The familiar debate over the Supreme Court's interpretation of the Fourth Amendment turns on this point of exclusion of evidence. Conservatives have bitterly attacked the process that lets criminals off on "technicalities." Liberals have staunchly defended the exclusionary rule as necessary to protect the rights of defendants and to ensure fair play and as a deterrent that keeps police officers from overstepping bounds in their treatment of the public at large.
Akhil Reed Amar, a Yale Law School professor who has written several highly original analyses of the Bill of Rights, argues that a much broader debate ought to be taking place. Both liberals and conservatives, he says, should be outraged over the way the Fourth Amendment has become trapped in a never-never land. There is little to cheer either civil libertarians or law-and-order conservatives in what Amar unabashedly calls the "screwy" and "perverse" "jumble of judicial pronouncements" on the law of search and seizure -- rules that not only let the clearly guilty go free but, in his view, fail to protect the innocent from the very sorts of harassment and abuse by government officials that the amendment was designed to prevent. The Fourth Amendment "is a priceless constitutional inheritance," he has written, "but we have not maintained it well."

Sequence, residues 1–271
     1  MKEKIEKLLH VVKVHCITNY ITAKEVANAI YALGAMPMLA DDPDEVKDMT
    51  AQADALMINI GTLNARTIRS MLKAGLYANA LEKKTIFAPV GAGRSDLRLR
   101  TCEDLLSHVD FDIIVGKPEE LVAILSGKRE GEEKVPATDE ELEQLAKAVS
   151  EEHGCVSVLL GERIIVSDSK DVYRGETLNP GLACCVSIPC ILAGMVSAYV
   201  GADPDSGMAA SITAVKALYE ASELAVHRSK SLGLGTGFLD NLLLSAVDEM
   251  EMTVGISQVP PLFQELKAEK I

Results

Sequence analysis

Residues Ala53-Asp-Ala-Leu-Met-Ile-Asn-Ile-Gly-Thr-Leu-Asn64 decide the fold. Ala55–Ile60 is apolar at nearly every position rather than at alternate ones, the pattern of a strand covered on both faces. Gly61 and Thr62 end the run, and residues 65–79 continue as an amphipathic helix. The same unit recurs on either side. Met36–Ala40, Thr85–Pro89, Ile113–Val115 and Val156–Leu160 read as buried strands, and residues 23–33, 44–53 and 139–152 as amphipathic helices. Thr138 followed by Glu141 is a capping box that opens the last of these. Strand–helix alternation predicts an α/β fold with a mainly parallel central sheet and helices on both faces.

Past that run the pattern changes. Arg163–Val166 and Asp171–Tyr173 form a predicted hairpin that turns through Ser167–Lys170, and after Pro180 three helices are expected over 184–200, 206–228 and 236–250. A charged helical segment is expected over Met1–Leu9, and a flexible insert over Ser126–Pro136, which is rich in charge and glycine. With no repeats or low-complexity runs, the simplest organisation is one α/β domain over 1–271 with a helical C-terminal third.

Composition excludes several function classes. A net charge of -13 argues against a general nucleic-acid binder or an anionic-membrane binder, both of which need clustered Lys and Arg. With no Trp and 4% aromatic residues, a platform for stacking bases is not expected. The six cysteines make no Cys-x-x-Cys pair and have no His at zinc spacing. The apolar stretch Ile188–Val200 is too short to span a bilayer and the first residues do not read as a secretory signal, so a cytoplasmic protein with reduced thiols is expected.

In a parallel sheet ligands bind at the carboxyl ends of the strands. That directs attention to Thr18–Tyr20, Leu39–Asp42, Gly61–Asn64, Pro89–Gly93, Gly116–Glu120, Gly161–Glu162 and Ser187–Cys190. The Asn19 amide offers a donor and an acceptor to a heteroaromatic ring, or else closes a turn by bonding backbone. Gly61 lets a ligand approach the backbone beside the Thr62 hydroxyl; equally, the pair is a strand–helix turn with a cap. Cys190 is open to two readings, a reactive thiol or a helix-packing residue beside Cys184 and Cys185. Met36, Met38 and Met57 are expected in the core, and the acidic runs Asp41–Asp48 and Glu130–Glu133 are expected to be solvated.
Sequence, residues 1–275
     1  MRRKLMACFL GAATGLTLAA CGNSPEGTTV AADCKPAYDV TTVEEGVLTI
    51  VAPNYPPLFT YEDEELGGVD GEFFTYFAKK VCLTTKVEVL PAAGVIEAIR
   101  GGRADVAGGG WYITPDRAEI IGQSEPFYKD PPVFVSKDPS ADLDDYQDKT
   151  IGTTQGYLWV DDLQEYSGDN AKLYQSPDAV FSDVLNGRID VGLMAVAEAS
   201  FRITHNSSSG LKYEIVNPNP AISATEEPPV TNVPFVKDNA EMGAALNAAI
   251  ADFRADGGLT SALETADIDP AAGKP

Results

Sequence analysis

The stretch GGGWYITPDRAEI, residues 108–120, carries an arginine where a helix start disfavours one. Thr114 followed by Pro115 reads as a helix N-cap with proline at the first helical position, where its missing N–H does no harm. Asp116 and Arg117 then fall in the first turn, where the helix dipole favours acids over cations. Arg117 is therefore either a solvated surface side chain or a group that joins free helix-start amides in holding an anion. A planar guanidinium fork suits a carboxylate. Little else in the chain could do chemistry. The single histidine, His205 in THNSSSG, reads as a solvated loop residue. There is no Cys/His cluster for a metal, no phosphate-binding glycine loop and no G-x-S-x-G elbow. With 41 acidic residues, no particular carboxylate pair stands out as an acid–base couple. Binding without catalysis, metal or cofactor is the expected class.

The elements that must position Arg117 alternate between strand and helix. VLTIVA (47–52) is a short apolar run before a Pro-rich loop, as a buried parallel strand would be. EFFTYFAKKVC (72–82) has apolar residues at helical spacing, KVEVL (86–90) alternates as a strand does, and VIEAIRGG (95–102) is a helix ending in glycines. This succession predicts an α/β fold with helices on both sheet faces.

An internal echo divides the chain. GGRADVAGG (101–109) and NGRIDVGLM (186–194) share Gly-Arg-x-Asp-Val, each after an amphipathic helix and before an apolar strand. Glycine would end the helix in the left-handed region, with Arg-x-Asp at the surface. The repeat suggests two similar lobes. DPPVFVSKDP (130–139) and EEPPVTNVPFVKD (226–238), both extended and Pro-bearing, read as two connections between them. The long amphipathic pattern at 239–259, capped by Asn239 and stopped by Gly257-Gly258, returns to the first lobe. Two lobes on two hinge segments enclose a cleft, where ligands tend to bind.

Amar's views stand strikingly outside the usual left-right debate, and he himself defies easy categorization. His law-review articles and books on constitutional law -- most recently (1998) -- have been praised and attacked on both the left and the right. Although often labeled a conservative, Amar is a passionate civil libertarian, feminist, and civil-rights advocate. The son of Indian immigrants, both physicians, he grew up in the San Francisco area, attended Yale and Yale Law School, and clerked for Judge Stephen Breyer on the U.S. Court of Appeals. (Breyer was later appointed to the Supreme Court by President Clinton.) Returning to Yale as an assistant professor at age twenty-six, he rose rapidly in academia, becoming a full professor at thirty-one and being named the Southmayd Professor of Law at thirty-four.